I ve always been impressed by the Oxford Very Short Introduction series and this is no exception This book provides a succinct and fairly clear outline of the history and structure of the European Union in just under 200 pages, which is all I wanted.I was curious though, because despite all the snoozes occasioned by European Directives and eurocrats, the European Union is engaged in the most radical restructuring of the nation state in human history, and this book did nothing to dissuade me from that belief Part of the problem is that the Union itself tries to hide its creeping power under intentionally obfuscating names, acronyms, and policies For instance, under the Single Europe Act of 1987 the European Council of Ministers not to be confused with the European Council or the Council of Europe uses Qualified Majority Voting QMV for certain trade related legislation There are only 27 members states but there are 345 weighted votes somewhat dependent on population measures though each foreign minister only votes for his country once , of which 258 votes are needed to pass a bill These votes, however, must also contain 62% of all European Union population and at least a majority of countries voting This legislation, depending on its subject, then has to be approved either through co decision or cooperation with the European Parliament, which has been directly elected by European voters since 1979 Clearly this is all meant not just to confuse but to confound any average citizen trying to understand what the hell is happening in Brussels, but the upshot is amazing It means that for over 20 years European countries have given over significant aspects of their sovereignty to a multi national parliament over which they have only partial control This is truly a United States of Europe in vitro, just as Victor Hugo and Winston Churchill had hoped.So this book finally cleared away some of those mental cobwebs that had confused me for so long about what this thing actually did and how it did it Admittedly, it was written before the ratification of the Lisbon Reform treaty, but it contains an overview of those proposed changes that have since been implemented I highly recommend it. European Union is one of the most ambitious and expansive political projects in history Its ultimate goal, it is now quite clear, is the unification of almost all of Europe into a single political entity The project has grown from its rather modest origins from a purely economic organization into what is now one of the most important political and economic unions in the World However, both the path to this point and the future ahead are beset by numerous challenges I ve been eying this short introduction for a long time As someone who is originally from Europe and who still has the majority of the family members living there, I cannot really afford to be ignorant of the events on that continent and its political structure However, I am now glad that I ve waited to purchase this book in its third edition, since it now includes mentioning of Croatia Since I am now officially an EU citizen, I have evenreasons to try to understand it the best I can After reading this book I certainly have muchappreciation for all the intricacies of the EU s political mechanisms This is a very detailed book with a lot of information and facts strewn throughout its slim 150 pages It takes a largely chronological approach to the Europe s integration, and goes into some detail in explaining various policy decisions The book assumes a fairly neutral point of view, aiming to inform the reader rather than to shape his or her opinions The third edition is thoroughly updated and includes all the major developments up to 2013 However, as witnessed by the tumultuousness of the ongoing economic crisis, all of the European institutions are still in the state of flux, and it is very likely that the fourth edition of this book will be in order before too long Even though the book is well written and extremely informative, it is still a pretty dry read Various policies, political and economic maneuvers can feel rather esoteric, technical and opaque The book s view of EU is highly institutional, without much scope for deeper ideas or relevance to the daily lives of most Europeans This is probably the reflection of how most Eurocrats view their project as an ongoing bureaucratic venture that is almost an end in itself There might be many virtues to this attitude, but it sure doesn t manage to inspire. Over The Past Few Decades, The European Union Has Seen Many Great Changes Negotiations For The Accession Of Six New States Have Begun, And Membership, Which Already Covers Almost All Of Western Europe, Will Soon Extend To Most Of Central And Eastern Europe The Union S Institutions Have Been Reformed, And Its Powers May Soon Reach Beyond The Economy And The Environment Into The Fields Of Foreign Policy And Defense This Thorough Yet Succinct Introduction Has Been Completely Updated To Take The Many Recent Developments Into Account John Pinder Provides A Detailed And Coherent View Of The Evolution Of The European Union, And Investigates Its Future As Europe Thrives In The New Millennium The European Union A Very Short Introduction Very Short Introductions 36 , John PinderOver the past few decades, the European Union has seen many great changes Negotiations for the accession of six new states have begun, and membership, which already covers almost all of Western Europe, will soon extend to most of Central and Eastern Europe The Union s institutions have been reformed, and its powers may soon reach beyond the economy and the environment into the fields of foreign policy and defense This thorough yet succinct introduction has been completely updated to take the many recent developments into account John Pinder provides a detailed and coherent view of the evolution of the European Union, and investigates its future as Europe thrives in the new millennium. I am a bit fan of Oxford University Press very Short Introduction series, even if they are a bit hit or miss with the vast majority being hit It makes sense that the European Union would be the subject of one of the VSI booklets John Pinder wrote the first edition, while later editions have been co written with Simon Usherwood The third edition was published in 2013 and is fully revised to include the Lisbon Treaty It gives concise overviews of the history, key institutions, main policy areas, and enlargement process of the European Union The tone is relatively neutral, except for the very Europhile conclusion It is also too much geared towards a British rather than European or world audience.Overall, the book is well written, but it does require quite some previous knowledge about European history, politics and societies Even I found it at times a bit too demanding, despite being a European political science professor specialized in European politics I used it in a summer course on the European Union at a US university, thinking the students would appreciate a short and fairly general introduction, rather than the often over detailed and technical regular textbooks Instead, they felt overwhelmed by all the information and often confused about the exact meaning of everything. . 2013 edition.A bizarre little book that spends too much time trying to convince the reader that European Federalism is the inevitable future and that intergovernmentalism is a weakness It overtly advocates further integration, abandoning unanimous voting to expedite legislation so nations can be overruled , Europe as a superstate of soft power , and both geographical and policy expansion The entirety of the argument appears to rest on the idea that Europe, as compared to individual nations, is treated on par with the United States.I think its lack of objectivity makes it unsuitable as a brief introductory work It might appeal to someone in search of partisan reading. Chapter 1 What the EU is forChapter 2 How the EU was madeChapter 3 How the EU is governedChapter 4 Single market, single currencyChapter 5 Agriculture, regions, budget conflicts over who gets whatChapter 6 Social policy, environmental policyChapter 7 An area of freedom, security and justice Chapter 8 A great civilian power andor less Chapter 9 The EU and the rest of EuropeChapter 10 The EU in the worldChapter 11 Much accomplished but what next Thoughts soon. I read the 2018 edition of the book, and overall, I found it very informative about the EU how it started, through its evolution, and the EU s goals and impact today We also get sone analysis about the relationship of the US to the EU But, we also get a helpful view into Brexit, and some of the very real dangers ahead for the EU questions about its survival.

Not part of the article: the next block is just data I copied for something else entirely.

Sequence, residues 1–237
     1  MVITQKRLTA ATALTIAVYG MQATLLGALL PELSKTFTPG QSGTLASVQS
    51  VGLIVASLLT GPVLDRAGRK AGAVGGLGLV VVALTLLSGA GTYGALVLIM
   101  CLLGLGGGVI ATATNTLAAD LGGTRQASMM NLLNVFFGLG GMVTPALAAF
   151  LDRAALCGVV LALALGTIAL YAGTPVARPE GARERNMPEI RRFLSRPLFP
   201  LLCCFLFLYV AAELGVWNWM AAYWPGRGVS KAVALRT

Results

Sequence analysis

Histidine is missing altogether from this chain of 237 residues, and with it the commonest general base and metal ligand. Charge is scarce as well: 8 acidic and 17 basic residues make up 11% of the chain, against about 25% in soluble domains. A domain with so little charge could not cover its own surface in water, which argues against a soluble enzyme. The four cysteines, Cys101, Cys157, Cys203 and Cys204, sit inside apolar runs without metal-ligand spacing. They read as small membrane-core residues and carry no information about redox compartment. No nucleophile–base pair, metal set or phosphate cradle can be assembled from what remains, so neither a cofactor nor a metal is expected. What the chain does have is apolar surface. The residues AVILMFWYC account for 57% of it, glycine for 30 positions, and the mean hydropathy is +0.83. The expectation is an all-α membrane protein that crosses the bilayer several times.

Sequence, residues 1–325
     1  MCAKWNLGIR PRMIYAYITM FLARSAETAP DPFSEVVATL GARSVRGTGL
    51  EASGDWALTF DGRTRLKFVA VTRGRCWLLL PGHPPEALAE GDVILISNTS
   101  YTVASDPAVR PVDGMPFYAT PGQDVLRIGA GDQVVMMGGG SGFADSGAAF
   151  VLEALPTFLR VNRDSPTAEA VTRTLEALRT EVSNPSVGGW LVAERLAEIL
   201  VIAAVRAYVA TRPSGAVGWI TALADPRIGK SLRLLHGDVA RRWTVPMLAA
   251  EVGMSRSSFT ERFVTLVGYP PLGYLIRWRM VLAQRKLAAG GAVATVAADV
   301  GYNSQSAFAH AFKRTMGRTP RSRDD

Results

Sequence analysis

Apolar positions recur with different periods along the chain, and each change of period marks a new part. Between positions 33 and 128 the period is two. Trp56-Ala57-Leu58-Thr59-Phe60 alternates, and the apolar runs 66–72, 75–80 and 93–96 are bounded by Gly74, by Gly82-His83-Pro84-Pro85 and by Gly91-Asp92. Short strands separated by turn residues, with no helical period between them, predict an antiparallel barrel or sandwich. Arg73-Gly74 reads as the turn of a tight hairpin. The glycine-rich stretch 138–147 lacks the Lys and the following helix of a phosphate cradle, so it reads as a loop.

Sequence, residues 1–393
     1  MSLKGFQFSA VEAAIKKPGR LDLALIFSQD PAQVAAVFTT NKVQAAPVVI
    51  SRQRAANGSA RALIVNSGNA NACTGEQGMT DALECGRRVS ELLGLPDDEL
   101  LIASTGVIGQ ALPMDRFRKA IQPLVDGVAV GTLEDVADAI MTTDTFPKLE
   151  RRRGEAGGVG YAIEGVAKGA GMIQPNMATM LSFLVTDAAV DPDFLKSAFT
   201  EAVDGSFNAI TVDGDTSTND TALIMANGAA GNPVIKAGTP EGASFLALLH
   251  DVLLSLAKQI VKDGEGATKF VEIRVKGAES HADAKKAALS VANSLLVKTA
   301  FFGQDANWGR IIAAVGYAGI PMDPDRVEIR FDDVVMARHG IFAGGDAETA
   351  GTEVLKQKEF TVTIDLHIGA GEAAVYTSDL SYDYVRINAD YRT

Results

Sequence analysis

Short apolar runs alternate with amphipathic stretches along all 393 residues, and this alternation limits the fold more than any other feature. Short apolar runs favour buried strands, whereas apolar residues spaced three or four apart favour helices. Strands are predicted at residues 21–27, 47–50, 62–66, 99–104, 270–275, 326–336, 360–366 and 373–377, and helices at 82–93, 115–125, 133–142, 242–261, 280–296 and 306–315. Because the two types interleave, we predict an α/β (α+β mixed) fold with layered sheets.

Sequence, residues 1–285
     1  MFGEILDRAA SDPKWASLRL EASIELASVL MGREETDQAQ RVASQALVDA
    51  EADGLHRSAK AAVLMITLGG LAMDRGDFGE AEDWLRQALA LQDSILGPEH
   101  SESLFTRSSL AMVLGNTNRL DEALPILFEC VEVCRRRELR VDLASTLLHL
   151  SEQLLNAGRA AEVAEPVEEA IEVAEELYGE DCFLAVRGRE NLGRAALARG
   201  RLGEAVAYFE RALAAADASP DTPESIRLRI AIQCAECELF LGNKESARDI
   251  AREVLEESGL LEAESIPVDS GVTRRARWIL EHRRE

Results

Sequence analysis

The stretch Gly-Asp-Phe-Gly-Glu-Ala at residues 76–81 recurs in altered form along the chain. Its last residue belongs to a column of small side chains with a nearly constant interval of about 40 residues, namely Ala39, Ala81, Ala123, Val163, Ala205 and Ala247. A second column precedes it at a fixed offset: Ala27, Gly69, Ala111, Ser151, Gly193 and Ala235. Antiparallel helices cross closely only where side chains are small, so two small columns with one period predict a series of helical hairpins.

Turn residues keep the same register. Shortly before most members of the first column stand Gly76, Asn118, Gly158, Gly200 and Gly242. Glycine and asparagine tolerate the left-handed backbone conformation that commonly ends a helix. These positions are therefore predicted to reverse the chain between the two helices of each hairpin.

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- 224 pages
- The European Union: A Very Short Introduction (Very Short Introductions)
- John Pinder
- 10 January 2019 John Pinder